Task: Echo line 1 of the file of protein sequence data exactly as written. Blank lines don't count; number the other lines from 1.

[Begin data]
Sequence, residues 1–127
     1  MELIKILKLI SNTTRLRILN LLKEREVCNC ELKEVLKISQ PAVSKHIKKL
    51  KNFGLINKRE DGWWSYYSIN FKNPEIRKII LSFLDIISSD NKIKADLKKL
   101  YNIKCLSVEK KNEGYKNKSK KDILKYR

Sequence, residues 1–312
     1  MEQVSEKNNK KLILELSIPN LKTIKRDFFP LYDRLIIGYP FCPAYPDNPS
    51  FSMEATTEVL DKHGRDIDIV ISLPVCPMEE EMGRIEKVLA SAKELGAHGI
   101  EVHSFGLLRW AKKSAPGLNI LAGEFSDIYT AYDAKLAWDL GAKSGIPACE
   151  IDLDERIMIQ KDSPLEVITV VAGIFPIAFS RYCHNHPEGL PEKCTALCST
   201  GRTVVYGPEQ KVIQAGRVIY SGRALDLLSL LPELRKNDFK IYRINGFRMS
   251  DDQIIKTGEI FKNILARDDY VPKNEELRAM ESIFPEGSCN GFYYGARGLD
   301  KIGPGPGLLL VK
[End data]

Sequence, residues 1–127